FUTURE CHALLENGES

Stress is increasingly recognised in the medical profession,1,23 and providing adequate systems of support is not only in the doctors’ interest but also in the interest of their patients.24 Mentorship could be of value to many doctors, but there needs to be a change in how it is generally perceived before some doctors will consider its use.7 If mentorship is only arranged when there are performance problems it will be met with resistance.24 Awareness of the potential benefits needs to be raised within the profession9 so that doctors know what they could gain from a mentoring relationship.

Roberts24 suggests there should be provision of mentorship for doctors along with formal evaluation irrespective of performance. This may become increasingly necessary as doctors go through any new re-certification or revalidation procedures. However, any formal provision should not prevent continuation of the informal support that exists at present within the medical profession.20

Multi-professional team working is increasing. Mentorship has been shown to promote the working of a multi-professional team, with doctors benefiting from mentorship both from outside the profession25 and from outside medicine.26 Mentoring is traditionally seen as a single relationship, but it may be more appropriate to have different mentors for different roles.7 Mentoring teams have been suggested for nurses as a solution to the problem of any one mentor being unable to possess all the necessary attributes.27 Joesbury et al28 found different people could contribute to an under-performing doctor’s development. A multi-professional mentoring team could be an appropriate model for mentoring in the future.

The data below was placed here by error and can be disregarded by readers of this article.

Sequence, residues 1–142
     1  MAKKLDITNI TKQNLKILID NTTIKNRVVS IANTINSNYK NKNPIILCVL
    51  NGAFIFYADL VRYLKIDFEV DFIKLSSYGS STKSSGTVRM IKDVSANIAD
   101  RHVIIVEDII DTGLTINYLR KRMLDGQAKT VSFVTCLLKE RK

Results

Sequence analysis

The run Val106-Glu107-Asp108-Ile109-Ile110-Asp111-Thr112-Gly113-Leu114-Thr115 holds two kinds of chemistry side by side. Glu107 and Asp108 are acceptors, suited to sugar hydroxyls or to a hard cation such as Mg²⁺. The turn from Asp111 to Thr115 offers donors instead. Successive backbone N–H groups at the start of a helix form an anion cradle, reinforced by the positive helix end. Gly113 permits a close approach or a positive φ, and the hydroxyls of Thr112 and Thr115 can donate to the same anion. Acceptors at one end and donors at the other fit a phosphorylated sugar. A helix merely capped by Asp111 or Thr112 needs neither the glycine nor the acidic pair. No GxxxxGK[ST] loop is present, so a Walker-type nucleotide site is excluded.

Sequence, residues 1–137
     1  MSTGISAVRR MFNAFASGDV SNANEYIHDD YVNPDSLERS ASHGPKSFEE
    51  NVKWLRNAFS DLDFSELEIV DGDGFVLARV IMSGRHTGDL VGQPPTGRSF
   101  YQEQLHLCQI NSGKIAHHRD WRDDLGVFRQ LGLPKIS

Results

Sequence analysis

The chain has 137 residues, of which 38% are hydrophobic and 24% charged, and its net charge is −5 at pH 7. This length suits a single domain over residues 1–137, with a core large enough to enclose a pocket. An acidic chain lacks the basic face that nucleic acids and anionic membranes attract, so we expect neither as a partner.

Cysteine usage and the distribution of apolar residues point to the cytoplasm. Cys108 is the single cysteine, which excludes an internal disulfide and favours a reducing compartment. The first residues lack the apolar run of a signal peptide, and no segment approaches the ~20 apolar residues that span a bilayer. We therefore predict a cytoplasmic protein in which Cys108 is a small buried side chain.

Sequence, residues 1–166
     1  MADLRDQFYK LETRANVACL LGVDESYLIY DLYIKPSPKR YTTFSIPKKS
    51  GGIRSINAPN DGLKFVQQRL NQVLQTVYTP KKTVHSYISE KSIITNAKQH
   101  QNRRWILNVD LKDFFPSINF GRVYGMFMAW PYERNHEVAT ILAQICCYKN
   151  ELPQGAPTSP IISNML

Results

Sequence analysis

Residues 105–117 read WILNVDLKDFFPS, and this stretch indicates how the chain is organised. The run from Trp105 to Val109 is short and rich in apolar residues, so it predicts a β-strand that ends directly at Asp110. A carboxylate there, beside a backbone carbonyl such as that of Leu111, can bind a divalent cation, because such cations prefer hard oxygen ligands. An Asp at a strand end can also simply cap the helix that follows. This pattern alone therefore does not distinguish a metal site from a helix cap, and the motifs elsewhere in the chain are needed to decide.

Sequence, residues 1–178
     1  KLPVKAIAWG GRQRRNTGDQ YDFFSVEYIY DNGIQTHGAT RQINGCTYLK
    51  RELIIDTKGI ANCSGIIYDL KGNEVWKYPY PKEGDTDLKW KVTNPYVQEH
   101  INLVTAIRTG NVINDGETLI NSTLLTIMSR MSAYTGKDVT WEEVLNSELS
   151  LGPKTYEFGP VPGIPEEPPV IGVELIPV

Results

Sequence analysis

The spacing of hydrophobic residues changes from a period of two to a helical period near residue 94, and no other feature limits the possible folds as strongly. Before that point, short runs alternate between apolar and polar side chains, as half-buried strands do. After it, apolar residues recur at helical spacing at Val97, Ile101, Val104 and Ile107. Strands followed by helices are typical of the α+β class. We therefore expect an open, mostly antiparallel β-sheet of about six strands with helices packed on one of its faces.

The pressure on time will continue, but new initiatives in mentorship can help this. Email mentoring could increase20 and mentoring on the phone has been considered.29 These communication methods could be used as extensions of an existing relationship but could also develop to provide ways of increasing the provision of mentorship on their own.

The British Medical Association suggest that feedback from mentoring schemes should lead to improvements and that monitoring and evaluation can increase mentoring scheme effectiveness. Evaluation of mentorship usually concentrates on participant satisfaction, but information about behaviour changes in the workplace and wider benefits to the NHS are also needed. These improvements are more difficult to link purely to the mentoring process. However, they are more likely to prove the worth of a scheme to those who can finance its continuation. Investment in mentor training and support is needed to increase the effectiveness of the relationship.8,30 However, with the present pressure on finance in the NHS, possible benefits to patients and the organisation may need to be more carefully evaluated.

It is recognised that there are times when the need for mentorship is greater than others. However, as the NHS changes and doctors face increasing change throughout their career, it is perhaps more important to make mentors available to all doctors, whatever their age and stage of their professional life. Mentoring is not without costs but with the benefits to the individuals and the NHS, it is worthy of the investment.

REFERENCES

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Footnotes

  • Conflict of interest: none stated